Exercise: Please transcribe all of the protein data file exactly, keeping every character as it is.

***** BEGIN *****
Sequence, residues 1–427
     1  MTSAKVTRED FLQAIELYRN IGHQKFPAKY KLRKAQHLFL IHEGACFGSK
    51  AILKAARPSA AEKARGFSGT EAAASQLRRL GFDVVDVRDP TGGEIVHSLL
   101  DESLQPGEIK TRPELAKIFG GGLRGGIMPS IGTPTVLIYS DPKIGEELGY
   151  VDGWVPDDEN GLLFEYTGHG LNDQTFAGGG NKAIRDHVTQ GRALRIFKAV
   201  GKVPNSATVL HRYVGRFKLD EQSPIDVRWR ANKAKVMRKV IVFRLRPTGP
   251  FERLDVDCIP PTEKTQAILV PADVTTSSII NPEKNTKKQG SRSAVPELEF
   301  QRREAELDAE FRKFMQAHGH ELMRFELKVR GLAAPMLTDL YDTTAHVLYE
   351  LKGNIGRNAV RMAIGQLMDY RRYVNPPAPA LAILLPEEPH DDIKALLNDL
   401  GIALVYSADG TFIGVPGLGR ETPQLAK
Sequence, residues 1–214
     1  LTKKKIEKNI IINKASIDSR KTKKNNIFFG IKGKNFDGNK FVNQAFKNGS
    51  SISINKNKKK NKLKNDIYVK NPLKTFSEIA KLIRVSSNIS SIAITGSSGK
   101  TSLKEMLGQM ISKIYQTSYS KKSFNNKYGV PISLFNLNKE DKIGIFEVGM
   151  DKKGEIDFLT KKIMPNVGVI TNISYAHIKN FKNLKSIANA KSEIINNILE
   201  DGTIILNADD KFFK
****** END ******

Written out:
Sequence, residues 1–427
     1  MTSAKVTRED FLQAIELYRN IGHQKFPAKY KLRKAQHLFL IHEGACFGSK
    51  AILKAARPSA AEKARGFSGT EAAASQLRRL GFDVVDVRDP TGGEIVHSLL
   101  DESLQPGEIK TRPELAKIFG GGLRGGIMPS IGTPTVLIYS DPKIGEELGY
   151  VDGWVPDDEN GLLFEYTGHG LNDQTFAGGG NKAIRDHVTQ GRALRIFKAV
   201  GKVPNSATVL HRYVGRFKLD EQSPIDVRWR ANKAKVMRKV IVFRLRPTGP
   251  FERLDVDCIP PTEKTQAILV PADVTTSSII NPEKNTKKQG SRSAVPELEF
   301  QRREAELDAE FRKFMQAHGH ELMRFELKVR GLAAPMLTDL YDTTAHVLYE
   351  LKGNIGRNAV RMAIGQLMDY RRYVNPPAPA LAILLPEEPH DDIKALLNDL
   401  GIALVYSADG TFIGVPGLGR ETPQLAK
Sequence, residues 1–214
     1  LTKKKIEKNI IINKASIDSR KTKKNNIFFG IKGKNFDGNK FVNQAFKNGS
    51  SISINKNKKK NKLKNDIYVK NPLKTFSEIA KLIRVSSNIS SIAITGSSGK
   101  TSLKEMLGQM ISKIYQTSYS KKSFNNKYGV PISLFNLNKE DKIGIFEVGM
   151  DKKGEIDFLT KKIMPNVGVI TNISYAHIKN FKNLKSIANA KSEIINNILE
   201  DGTIILNADD KFFK